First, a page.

Remixability and reassembly is a key aspect of Business Discovery — and of QlikView. What do we mean by this? We mean that business users can easily modify apps, all on their own using their web browser, to ask and answer their own streams of questions. Check out this video to see how.
Let’s say that in this sales analysis app I don’t have the info I need about which sales reps are selling what. I can make changes to the app, right there in my browser.
Start simple. I can start with a basic change: adding a dimension upon which to analyze the data. I right click on the screen and select “New Sheet Object.” I click on the type of new object I want and drag it onto the screen. Right away, my new object is fully interactive. I get that green / white / gray associative experience QlikView is known for. QlikView automatically maintains all the associations in the data; I didn’t have to do anything to make QlikView know what’s associated and what’s not.
Go crazy. Let’s say I want to do some deeper exploration and discovery; I want to do a little more complex remixing. I can right click and add a whole new sheet. Now I’ve got a nice white page on which to begin my exploration. Then, from the repository I can start dragging and dropping pre-built objects. Once objects are on my screen I can modify them to my heart’s content. I can change the properties of an object — say, change the number of sales reps shown to just include the top 5—with a few quick mouse clicks.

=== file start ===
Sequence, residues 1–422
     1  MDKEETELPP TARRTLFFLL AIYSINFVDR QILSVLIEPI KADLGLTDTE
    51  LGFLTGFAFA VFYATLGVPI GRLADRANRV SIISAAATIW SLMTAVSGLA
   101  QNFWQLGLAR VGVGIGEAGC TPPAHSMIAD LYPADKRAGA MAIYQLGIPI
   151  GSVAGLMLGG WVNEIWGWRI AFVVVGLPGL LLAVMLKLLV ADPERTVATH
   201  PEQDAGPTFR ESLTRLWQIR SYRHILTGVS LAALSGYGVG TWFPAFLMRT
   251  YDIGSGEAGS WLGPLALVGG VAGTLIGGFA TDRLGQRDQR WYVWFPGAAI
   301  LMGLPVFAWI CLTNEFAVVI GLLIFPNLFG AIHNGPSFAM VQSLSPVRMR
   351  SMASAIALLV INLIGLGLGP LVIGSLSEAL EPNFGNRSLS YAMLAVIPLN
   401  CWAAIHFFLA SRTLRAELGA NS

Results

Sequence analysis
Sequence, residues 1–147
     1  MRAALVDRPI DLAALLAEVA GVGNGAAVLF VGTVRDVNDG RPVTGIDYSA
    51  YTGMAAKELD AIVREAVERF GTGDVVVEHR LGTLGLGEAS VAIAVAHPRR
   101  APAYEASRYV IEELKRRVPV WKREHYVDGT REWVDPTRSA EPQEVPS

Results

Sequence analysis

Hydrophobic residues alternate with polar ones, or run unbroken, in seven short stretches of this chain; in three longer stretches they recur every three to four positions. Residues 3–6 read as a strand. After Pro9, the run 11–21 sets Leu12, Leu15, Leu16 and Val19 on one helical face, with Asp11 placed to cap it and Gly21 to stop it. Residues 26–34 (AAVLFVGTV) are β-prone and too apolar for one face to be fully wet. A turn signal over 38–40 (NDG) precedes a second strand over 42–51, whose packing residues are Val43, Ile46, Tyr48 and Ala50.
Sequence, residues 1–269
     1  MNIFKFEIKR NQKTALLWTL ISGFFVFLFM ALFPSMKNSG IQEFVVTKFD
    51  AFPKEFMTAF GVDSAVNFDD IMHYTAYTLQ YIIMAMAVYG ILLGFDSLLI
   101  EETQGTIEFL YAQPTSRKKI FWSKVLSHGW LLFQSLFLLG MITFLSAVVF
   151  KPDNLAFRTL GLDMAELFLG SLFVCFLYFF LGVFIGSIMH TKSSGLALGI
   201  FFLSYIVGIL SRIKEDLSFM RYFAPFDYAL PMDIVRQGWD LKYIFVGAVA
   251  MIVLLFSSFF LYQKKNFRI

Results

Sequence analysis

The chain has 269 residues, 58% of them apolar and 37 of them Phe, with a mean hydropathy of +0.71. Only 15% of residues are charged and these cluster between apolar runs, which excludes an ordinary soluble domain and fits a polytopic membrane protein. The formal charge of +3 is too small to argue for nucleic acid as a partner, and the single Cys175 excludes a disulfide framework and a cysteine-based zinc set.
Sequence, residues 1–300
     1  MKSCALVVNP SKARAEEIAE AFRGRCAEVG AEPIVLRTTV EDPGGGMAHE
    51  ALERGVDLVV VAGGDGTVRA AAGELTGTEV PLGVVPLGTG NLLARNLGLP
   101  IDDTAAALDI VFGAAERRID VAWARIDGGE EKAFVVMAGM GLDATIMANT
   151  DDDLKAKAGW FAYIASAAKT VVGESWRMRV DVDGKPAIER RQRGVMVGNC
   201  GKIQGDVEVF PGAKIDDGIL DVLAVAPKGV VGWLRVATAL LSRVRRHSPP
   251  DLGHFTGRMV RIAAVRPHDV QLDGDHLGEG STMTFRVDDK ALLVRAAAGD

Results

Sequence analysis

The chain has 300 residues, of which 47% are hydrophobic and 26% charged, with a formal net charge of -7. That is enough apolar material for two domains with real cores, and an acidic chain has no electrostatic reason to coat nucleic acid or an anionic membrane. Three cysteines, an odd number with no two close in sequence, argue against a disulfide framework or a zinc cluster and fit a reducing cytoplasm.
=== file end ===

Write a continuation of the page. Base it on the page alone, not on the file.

Get social. QlikView’s remixability and reassembly isn’t just a solo experience. I can add an annotation to my new object, along with a snapshot and comments. Then I can easily share my object — with everyone or just a select few. At some point the developer may decide that the object I created is really useful and should be folded into the core application.
It’s no wonder people say QlikView blurs the boundary between developer and business user. It really does — and that’s a good thing. QlikView makes it easy for business users to remix and reassemble data in new views on their own and in groups and to easily create new visualizations for deeper understanding.
(Are you wondering what this demo application is that I’m using in this video? It’s the “What’s New in QlikView 11” demo app. You can get it here on the QlikView 11 demo site. )